There are two new faces at the Rural Fire Service Mid-Murray Zone office in Deniliquin.
Tony Whitehorn has joined the district as the zone manager and is a permanent replacement for Superintendent Lindsay Lashbrook who retired last year.
Phil Brunsdon is the zone office’s new district officer, also taking on the community safety and training roles and assisting in communications.
With the recent departure of Inspector Jim Puniard, long-time zone office employee Doug Adamson is now acting zone coordinator and Terry Campbell is the temporary district assistant.
Mr Whitehorn said they are all ably assisted by Kylie Atley in administration.
Coming to Deniliquin from the Barossa Valley, Mr Whitehorn has 18 years of firefighting experience with the South Australian Country Fire Service.
‘‘The job at Deniliquin was an opportunity to step into a new role, and to work with the New South Wales Rural Fire Service,’’ Mr Whitehorn said.
‘‘I spent a lot of time in Sydney last year doing courses with the Rural Fire Service, so I am already fairly comfortable with their processes.
‘‘I started with the South Australian Country Fire Service as a volunteer firefighter and spent some time as group officer and then moving up the ranks.’’
Starting with the Mid-Murray Zone at the end of August, Mr Whitehorn spent his first few weeks travelling to other parts of the state for training and pre-season briefings.
His family — wife Shelley and three of their four children — relocated to Deniliquin last month.
Their daughter Hayley will be in Year 10 at Deniliquin High School this year, daughter Abby will start Year 7, and son Will is in Year 4.
Their oldest daughter Tash will remain in South Australia to continue her university studies in Adelaide.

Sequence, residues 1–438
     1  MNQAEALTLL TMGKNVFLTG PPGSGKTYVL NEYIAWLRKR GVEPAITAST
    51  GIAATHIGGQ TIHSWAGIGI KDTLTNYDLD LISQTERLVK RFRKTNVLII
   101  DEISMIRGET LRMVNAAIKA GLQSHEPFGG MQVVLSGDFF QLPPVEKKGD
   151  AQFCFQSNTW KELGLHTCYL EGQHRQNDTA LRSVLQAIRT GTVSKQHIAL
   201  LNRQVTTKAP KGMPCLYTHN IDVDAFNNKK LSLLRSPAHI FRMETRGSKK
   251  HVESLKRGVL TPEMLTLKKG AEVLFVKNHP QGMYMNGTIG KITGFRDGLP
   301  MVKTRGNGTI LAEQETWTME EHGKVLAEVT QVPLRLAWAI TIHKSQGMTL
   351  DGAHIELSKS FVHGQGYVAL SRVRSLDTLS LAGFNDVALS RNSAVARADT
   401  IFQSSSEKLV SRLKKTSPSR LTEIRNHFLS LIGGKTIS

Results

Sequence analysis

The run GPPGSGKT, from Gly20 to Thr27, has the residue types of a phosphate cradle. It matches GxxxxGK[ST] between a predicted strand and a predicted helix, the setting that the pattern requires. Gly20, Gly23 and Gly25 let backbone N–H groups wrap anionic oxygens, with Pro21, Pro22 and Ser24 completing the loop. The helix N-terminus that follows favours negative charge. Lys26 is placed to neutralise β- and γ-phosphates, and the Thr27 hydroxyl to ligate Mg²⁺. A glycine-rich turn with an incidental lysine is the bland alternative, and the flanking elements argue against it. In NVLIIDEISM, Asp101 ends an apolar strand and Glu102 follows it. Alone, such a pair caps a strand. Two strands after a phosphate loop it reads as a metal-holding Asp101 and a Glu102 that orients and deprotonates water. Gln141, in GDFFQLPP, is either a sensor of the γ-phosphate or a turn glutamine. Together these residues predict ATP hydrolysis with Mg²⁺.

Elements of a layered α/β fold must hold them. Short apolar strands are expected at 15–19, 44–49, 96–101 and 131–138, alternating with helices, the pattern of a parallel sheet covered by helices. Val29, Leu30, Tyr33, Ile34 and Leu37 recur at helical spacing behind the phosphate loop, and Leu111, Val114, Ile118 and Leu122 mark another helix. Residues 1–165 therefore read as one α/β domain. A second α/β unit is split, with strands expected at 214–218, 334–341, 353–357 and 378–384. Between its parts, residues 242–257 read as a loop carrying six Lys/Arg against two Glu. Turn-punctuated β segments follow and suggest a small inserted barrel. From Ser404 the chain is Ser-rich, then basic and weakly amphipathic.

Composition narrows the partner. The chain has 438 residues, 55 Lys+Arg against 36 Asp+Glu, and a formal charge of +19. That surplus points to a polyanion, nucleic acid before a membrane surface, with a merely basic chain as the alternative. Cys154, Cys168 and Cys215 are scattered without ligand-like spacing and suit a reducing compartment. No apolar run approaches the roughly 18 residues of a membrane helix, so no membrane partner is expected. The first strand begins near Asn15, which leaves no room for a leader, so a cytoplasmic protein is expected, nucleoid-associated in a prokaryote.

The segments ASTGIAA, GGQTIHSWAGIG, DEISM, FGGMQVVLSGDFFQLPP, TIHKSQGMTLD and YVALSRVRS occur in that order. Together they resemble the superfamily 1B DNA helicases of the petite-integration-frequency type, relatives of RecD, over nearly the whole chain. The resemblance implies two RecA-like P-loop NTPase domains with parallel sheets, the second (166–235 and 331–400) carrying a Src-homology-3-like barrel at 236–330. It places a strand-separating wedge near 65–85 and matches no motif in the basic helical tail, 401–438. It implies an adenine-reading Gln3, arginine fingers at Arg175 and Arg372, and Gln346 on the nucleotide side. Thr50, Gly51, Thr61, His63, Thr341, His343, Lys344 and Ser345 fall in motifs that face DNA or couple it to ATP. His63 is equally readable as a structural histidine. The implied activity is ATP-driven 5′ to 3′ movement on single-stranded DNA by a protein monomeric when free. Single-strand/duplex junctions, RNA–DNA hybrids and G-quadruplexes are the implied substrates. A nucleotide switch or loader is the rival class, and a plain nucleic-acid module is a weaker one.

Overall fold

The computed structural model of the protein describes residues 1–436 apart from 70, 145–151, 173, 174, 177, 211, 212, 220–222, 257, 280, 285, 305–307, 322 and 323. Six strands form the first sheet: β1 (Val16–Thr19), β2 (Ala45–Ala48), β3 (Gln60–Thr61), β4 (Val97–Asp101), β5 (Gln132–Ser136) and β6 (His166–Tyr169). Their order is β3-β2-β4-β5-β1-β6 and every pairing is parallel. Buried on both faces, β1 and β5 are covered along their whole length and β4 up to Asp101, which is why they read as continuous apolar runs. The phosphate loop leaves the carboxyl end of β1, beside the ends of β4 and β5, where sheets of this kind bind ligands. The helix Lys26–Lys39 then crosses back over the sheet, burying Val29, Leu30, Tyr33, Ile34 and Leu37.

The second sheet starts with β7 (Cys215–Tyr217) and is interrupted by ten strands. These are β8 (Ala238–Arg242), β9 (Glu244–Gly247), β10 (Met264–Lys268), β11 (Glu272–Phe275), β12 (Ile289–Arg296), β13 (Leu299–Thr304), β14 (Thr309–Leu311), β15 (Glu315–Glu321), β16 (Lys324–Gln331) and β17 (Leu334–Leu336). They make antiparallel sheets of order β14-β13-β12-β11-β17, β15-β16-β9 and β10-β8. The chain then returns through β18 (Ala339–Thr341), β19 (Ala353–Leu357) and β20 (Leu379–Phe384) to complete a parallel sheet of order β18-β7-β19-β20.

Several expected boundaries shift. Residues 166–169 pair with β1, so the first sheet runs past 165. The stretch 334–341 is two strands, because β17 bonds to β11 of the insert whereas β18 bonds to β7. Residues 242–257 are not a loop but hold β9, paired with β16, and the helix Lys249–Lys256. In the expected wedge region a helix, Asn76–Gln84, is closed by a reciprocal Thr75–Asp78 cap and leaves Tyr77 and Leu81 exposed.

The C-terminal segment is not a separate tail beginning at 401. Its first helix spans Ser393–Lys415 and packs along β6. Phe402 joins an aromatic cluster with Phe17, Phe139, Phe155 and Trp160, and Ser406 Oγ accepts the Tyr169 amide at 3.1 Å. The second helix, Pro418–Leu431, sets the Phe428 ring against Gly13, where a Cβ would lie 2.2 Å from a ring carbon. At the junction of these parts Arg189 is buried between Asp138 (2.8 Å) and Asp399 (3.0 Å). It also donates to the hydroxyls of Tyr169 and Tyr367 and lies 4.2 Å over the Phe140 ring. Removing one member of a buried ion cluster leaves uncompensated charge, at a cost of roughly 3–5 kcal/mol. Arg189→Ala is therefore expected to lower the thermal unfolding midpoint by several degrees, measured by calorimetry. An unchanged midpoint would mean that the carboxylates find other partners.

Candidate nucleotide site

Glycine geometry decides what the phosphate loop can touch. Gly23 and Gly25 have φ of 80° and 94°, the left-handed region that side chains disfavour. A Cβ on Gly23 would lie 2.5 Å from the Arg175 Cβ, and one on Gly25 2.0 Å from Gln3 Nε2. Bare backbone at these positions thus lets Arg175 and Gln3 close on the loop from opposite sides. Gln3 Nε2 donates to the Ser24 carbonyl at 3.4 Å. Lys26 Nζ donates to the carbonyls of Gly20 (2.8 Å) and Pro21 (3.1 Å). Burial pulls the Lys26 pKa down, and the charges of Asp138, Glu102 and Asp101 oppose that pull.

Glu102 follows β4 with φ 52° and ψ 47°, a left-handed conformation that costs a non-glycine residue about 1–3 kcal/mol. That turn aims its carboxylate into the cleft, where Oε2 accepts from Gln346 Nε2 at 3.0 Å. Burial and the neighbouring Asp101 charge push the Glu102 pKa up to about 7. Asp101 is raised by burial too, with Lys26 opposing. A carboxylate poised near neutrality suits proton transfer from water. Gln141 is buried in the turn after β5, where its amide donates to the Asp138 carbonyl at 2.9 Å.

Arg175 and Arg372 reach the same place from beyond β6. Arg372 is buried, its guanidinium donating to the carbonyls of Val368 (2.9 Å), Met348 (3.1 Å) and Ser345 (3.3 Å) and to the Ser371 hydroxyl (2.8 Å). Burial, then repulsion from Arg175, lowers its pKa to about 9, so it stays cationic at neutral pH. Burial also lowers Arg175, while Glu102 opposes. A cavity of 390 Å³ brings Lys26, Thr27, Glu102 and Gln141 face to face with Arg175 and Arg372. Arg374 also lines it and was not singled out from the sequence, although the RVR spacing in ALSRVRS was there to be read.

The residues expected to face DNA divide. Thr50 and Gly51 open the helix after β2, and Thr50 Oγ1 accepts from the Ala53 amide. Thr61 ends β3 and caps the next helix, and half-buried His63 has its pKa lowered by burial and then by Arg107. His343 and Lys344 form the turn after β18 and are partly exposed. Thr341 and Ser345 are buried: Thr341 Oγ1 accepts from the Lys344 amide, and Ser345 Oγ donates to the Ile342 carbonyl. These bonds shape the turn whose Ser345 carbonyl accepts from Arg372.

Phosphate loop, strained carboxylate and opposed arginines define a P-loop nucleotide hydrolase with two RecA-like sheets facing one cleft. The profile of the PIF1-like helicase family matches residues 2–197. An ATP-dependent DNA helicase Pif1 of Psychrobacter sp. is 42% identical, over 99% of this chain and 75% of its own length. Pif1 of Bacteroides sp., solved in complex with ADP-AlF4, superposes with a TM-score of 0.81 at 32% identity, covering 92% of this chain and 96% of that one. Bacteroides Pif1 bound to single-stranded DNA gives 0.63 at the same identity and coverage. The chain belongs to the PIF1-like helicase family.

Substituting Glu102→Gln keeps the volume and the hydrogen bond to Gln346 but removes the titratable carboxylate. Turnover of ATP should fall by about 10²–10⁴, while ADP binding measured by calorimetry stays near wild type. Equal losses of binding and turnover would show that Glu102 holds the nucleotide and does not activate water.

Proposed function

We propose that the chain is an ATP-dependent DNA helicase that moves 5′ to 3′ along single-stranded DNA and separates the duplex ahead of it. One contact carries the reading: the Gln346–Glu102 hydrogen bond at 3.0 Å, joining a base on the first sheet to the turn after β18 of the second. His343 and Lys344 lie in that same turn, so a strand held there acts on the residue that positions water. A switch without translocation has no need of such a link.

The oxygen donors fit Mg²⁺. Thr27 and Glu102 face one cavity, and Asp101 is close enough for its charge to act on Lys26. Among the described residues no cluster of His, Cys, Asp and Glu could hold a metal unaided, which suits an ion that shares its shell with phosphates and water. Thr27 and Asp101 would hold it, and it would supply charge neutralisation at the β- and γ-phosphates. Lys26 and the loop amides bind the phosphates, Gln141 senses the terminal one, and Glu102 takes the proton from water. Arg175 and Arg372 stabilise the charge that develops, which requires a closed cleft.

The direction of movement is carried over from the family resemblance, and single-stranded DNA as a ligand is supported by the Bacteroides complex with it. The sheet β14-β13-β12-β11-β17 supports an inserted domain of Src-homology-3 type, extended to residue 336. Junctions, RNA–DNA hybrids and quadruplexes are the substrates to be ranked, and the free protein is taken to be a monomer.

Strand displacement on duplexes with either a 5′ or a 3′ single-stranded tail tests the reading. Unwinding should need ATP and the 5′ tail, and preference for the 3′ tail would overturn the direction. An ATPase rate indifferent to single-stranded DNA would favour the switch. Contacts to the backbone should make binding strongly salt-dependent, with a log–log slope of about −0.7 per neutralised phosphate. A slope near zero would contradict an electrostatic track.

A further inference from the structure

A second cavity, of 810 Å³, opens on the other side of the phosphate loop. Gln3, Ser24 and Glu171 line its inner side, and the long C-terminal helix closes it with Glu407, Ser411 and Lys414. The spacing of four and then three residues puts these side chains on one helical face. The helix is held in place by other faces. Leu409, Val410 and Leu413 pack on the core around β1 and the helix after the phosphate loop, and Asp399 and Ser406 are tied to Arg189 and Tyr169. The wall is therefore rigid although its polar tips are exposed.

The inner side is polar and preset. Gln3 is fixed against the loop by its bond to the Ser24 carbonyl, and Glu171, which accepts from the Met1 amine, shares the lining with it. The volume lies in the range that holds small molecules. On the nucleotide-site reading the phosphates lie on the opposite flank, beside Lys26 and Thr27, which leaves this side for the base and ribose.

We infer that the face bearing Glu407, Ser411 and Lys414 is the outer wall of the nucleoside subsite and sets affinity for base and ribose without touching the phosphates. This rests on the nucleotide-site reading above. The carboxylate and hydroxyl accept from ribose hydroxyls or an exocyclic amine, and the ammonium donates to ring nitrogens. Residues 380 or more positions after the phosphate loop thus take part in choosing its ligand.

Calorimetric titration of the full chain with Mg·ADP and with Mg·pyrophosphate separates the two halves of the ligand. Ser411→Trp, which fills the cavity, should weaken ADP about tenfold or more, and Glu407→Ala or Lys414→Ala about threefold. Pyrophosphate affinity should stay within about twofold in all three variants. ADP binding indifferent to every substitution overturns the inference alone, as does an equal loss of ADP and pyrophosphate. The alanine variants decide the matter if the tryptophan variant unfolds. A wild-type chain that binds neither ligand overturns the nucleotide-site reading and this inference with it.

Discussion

Mr Brunsdon was selected to come to Deniliquin and the Mid-Murray Zone as part of an operational officer’s program.
He had been working towards a permanent role in the RFS since he was in his early years of high school.
‘‘I started off in the secondary schools cadet system when I was just 13,’’ Mr Brunsdon said.
‘‘During the cadet program I competed at several state and national championships, and then I was based with the headquarter’s brigade in Tumut for five years.
‘‘I then went to the district office at Tumut where I was temporary district assistant before getting a permanent place here.’’
Mr Brunsdon was one of 120 who applied under the officer’s program, and Mr Whitehorn said being one of only 12 offered a position with the RFS was an amazing feat.
Mr Brunsdon said it’s also proof his disability is not an obstacle in his career, or life in general.
Suffering a stroke when he was born, Mr Brunsdon was four months old when he was diagnosed with low tone quadriplegia cerebral palsy.
‘‘At the time my parents were told I may never be able to walk or even talk, but I had a fantastic paediatrician who started me on physio, speech and other therapies early so I could be the person I am today.
‘‘It’s been a battle through life — proving that I can do what others do, only differently.’’
The Mid-Murray Zone incorporates the local government areas of Murray River and Edward River councils and the Murrumbidgee local government area south of Coleambally.
The zone covers an area of about 25,000 square kilometres, of which 97 per cent is grass and farming lands.
The zone office is located at the corner of End and Junction Sts in Deniliquin, and can be contacted on (03)58815351.